Like a Rick Riordan–Terry Pratchett mashup, this series debut blends philosophy (free will, destiny, faith), humor,...

FREYA

The sinister Finemdi Corp. accumulates deities, securing their cooperation by promising them worshipers; the Norse goddess of love, war, and magic wants to know why.

For several restful decades, Freya’s kept a low profile as Sara Vanadi, Florida mental hospital inmate, until she’s tracked down and outed by a Finemdi recruiter. A healthy white teen in appearance, Sara has weakened over the past millennium (human belief created deities; as it diminishes, so do they). Aided by Nathan, a human bystander (also white) and soon her willing worshiper, she evades capture. The two rent an apartment, Nathan assuming housekeeping duties while Sara finds employment as Cinderella in the Magic Kingdom, where little princess wannabes strengthen her with the power of their belief. Hounded by Finemdi, she agrees to work for them, hoping to learn more, and is horrified: “hybridizing” (think human-immortal GMO) produces demigods; deity powers are brutally extracted. Determined to fight back, Sara recruits three Hawaiian goddesses to help. Sara’s funny and smart, with a curvy hourglass figure that necessitates alterations to her waif-sized princess attire. Unapologetically fond of fashion and hearty of appetite, she’s a poster child for self-acceptance—proud of her strengths, acknowledging her weaknesses, and moving on.

Like a Rick Riordan–Terry Pratchett mashup, this series debut blends philosophy (free will, destiny, faith), humor, multidimensional characters, and a fast-moving, well-constructed plot into a compulsively entertaining read. (Fantasy. 15-18)

Pub Date: March 14, 2017

ISBN: 978-1-250-08817-8

Page Count: 352

Publisher: Imprint

Review Posted Online: Dec. 6, 2016

Kirkus Reviews Issue: Dec. 15, 2016

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Only marginally intriguing.

REDEMPTION PREP

In a remote part of Utah, in a “temple of excellence,” the best of the best are recruited to nurture their talents.

Redemption Preparatory is a cross between the Vatican and a top-secret research facility: The school is rooted in Christian ideology (but very few students are Christian), Mass is compulsory, cameras capture everything, and “maintenance” workers carry Tasers. When talented poet Emma disappears, three students, distrusting of the school administration, launch their own investigation. Brilliant chemist Neesha believes Emma has run away to avoid taking the heat for the duo’s illegal drug enterprise. Her boyfriend, an athlete called Aiden, naturally wants to find her. Evan, a chess prodigy who relies on patterns and has difficulty processing social signals, believes he knows Emma better than anyone. While the school is an insidious character on its own and the big reveal is slightly psychologically disturbing, Evan’s positioning as a tragic hero with an uncertain fate—which is connected to his stalking of Emma (even before her disappearance)—is far more unsettling. The ’90s setting provides the backdrop for tongue-in-cheek technological references but doesn’t do anything for the plot. Student testimonials and voice-to-text transcripts punctuate the three-way third-person narration that alternates among Neesha, Evan, and Aiden. Emma, Aiden, and Evan are assumed to be white; Neesha is Indian. Students are from all over the world, including Asia and the Middle East.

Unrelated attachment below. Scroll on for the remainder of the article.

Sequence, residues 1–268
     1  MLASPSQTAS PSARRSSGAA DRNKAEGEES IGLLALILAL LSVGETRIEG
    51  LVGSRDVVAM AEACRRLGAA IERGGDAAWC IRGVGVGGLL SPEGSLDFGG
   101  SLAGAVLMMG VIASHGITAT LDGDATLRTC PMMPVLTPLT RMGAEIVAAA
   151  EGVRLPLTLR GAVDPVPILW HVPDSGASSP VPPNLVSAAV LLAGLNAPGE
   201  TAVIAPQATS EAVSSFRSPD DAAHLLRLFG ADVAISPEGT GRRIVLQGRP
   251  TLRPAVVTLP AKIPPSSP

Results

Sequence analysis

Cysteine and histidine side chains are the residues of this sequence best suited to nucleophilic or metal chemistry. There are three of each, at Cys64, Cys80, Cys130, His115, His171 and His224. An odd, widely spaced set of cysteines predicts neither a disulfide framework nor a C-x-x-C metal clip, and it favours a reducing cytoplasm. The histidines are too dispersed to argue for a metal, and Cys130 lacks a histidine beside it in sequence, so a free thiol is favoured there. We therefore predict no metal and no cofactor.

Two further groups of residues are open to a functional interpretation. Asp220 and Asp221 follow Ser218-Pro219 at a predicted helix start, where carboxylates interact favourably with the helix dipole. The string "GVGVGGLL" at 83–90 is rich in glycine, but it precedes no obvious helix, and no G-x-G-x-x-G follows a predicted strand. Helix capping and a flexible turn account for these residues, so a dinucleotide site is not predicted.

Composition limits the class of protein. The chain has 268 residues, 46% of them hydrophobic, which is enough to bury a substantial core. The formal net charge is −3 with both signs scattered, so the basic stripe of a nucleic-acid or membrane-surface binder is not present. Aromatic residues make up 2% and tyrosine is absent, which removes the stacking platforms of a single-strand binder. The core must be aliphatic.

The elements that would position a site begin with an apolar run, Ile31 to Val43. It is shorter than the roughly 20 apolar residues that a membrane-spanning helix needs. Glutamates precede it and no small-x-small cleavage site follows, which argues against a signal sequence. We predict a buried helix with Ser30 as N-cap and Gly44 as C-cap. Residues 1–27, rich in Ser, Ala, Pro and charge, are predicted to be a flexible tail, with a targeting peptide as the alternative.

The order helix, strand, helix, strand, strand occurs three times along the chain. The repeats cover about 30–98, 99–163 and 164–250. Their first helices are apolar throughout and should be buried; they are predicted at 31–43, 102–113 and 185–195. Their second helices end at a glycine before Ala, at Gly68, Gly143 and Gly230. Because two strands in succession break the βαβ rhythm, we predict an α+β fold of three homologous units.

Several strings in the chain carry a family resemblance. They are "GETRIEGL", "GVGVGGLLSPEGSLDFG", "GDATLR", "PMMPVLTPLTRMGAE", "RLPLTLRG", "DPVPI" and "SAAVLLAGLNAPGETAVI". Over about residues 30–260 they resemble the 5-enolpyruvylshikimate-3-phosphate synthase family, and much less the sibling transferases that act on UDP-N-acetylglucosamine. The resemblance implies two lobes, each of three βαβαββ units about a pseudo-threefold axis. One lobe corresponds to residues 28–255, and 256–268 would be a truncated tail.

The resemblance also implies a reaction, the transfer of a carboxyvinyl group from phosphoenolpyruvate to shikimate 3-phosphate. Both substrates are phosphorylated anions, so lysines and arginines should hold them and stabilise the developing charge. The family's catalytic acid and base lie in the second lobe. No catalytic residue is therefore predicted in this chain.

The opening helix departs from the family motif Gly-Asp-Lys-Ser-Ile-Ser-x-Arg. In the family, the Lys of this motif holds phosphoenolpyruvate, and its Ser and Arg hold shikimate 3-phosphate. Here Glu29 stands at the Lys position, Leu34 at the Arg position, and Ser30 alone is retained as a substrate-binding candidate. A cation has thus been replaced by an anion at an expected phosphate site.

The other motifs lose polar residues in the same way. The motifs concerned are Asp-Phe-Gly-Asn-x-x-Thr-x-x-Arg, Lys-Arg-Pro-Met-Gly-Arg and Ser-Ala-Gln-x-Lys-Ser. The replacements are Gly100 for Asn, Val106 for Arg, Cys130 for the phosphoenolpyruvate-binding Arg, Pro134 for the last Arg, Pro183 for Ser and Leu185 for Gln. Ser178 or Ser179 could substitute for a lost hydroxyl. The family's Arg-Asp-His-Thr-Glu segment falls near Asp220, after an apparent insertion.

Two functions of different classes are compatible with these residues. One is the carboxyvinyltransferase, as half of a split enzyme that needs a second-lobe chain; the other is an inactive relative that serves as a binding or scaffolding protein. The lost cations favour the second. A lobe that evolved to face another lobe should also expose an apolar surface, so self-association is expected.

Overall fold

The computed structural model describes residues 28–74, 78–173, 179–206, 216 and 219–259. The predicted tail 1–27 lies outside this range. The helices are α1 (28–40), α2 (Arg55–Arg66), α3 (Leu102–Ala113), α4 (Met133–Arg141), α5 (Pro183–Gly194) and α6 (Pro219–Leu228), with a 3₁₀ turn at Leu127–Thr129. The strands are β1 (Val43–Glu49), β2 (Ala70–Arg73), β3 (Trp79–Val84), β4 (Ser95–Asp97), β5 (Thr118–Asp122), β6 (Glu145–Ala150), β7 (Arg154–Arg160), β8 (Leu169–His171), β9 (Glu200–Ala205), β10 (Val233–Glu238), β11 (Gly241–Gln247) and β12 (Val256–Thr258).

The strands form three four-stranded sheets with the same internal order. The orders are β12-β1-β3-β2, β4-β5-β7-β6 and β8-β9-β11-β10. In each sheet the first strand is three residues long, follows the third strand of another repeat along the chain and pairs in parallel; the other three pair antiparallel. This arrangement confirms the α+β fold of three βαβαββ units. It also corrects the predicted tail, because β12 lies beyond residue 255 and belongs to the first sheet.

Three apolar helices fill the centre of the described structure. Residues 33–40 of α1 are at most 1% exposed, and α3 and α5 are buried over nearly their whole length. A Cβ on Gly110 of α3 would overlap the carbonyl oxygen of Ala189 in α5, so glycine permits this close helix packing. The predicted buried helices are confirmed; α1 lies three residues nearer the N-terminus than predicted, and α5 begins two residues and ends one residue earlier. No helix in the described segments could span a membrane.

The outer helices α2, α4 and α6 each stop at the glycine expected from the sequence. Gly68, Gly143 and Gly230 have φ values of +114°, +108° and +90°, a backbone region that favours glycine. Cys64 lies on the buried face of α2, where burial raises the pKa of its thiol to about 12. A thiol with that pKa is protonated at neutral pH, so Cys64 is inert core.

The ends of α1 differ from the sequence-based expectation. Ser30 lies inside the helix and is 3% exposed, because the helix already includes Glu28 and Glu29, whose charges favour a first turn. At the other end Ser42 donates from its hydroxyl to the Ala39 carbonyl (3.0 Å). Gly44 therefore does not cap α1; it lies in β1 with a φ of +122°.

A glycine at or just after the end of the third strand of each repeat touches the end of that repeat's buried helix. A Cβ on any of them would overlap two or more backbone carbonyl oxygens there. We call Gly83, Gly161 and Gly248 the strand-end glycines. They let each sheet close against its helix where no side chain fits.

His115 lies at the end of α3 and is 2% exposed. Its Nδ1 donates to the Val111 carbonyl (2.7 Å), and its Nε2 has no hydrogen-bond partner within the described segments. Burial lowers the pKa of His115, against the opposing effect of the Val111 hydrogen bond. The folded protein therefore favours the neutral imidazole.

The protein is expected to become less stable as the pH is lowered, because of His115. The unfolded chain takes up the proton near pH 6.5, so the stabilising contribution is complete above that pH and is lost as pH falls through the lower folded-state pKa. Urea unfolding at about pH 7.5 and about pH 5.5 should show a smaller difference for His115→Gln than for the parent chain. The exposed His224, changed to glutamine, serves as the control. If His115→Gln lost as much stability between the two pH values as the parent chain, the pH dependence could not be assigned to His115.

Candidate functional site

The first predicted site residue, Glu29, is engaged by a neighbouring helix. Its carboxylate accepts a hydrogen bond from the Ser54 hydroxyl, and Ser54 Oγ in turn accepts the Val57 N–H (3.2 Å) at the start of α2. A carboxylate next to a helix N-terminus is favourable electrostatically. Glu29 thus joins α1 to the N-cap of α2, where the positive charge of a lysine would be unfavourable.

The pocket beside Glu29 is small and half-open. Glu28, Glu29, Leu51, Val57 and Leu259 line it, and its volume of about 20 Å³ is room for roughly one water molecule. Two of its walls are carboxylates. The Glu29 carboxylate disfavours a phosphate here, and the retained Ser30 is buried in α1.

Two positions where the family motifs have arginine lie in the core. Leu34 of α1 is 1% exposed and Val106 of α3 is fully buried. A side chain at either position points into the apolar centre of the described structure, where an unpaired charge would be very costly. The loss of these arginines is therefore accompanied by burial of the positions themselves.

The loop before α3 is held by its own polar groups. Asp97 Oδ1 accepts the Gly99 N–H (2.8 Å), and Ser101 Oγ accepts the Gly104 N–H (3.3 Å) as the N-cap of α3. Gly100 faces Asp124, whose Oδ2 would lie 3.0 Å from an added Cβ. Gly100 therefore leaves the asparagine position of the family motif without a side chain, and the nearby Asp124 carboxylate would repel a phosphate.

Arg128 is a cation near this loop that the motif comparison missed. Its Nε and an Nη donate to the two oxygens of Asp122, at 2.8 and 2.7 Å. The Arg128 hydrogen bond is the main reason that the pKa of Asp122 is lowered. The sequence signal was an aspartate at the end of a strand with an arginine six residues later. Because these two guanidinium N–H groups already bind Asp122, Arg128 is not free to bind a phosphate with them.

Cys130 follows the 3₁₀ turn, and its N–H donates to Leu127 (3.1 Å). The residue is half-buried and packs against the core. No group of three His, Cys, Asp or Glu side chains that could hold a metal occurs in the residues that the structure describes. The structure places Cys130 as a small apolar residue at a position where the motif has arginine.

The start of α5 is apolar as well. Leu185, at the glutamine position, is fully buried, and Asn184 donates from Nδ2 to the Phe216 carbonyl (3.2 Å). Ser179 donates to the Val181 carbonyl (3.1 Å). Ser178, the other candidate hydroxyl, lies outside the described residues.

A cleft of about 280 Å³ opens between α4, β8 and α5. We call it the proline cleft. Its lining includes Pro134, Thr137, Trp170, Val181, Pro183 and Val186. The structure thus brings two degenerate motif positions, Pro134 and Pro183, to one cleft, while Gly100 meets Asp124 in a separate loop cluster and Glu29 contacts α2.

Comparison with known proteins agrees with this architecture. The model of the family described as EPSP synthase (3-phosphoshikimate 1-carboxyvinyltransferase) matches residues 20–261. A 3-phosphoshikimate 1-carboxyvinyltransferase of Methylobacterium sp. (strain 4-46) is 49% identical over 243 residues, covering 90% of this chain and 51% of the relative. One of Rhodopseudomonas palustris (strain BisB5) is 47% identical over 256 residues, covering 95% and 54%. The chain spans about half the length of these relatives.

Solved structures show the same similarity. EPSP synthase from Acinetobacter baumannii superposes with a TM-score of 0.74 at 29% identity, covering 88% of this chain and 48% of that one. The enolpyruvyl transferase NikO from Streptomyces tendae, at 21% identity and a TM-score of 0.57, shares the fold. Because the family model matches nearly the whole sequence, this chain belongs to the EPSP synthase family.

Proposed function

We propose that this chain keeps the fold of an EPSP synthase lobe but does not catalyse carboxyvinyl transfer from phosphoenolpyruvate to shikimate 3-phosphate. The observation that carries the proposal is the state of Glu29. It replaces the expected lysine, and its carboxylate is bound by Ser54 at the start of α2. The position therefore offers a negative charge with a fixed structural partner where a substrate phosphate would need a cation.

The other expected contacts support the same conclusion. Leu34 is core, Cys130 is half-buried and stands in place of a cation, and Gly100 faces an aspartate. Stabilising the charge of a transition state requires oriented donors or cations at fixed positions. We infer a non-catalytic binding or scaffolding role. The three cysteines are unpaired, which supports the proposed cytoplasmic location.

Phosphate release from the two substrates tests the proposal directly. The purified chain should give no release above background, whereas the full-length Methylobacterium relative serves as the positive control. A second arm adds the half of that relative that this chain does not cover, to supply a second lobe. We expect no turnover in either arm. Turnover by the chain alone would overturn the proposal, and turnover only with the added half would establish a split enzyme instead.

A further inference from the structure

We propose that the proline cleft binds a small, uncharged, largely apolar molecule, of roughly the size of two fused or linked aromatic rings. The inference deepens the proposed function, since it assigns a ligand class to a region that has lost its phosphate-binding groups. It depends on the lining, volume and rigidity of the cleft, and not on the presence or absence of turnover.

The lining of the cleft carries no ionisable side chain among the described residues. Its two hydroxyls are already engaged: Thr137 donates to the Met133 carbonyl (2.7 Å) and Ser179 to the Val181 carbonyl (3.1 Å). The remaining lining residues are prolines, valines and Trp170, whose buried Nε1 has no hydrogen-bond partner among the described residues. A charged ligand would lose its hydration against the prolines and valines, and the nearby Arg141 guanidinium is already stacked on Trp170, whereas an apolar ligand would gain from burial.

Only marginally intriguing. (Mystery. 15-18)

Pub Date: April 14, 2020

ISBN: 978-0-06-266203-3

Page Count: 416

Publisher: Katherine Tegen/HarperCollins

Review Posted Online: Jan. 19, 2020

Kirkus Reviews Issue: Feb. 15, 2020

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A thrilling romance that could use more even pacing.

THE STARS WE STEAL

For the second time in her life, Leo must choose between her family and true love.

Nineteen-year-old Princess Leonie Kolburg’s royal family is bankrupt. In order to salvage the fortune they accrued before humans fled the frozen Earth 170 years ago, Leonie’s father is forcing her to participate in the Valg Season, an elaborate set of matchmaking events held to facilitate the marriages of rich and royal teens. Leo grudgingly joins in even though she has other ideas: She’s invented a water filtration system that, if patented, could provide a steady income—that is if Leo’s calculating Aunt Freja, the Captain of the ship hosting the festivities, stops blocking her at every turn. Just as Leo is about to give up hope, her long-lost love, Elliot, suddenly appears onboard three years after Leo’s family forced her to break off their engagement. Donne (Brightly Burning, 2018) returns to space, this time examining the fascinatingly twisted world of the rich and famous. Leo and her peers are nuanced, deeply felt, and diverse in terms of sexuality but not race, which may be a function of the realities of wealth and power. The plot is fast paced although somewhat uneven: Most of the action resolves in the last quarter of the book, which makes the resolutions to drawn-out conflicts feel rushed.

A thrilling romance that could use more even pacing. (Science fiction. 16-adult)

Pub Date: Feb. 4, 2020

ISBN: 978-1-328-94894-6

Page Count: 400

Publisher: HMH Books

Review Posted Online: Nov. 10, 2019

Kirkus Reviews Issue: Dec. 1, 2019

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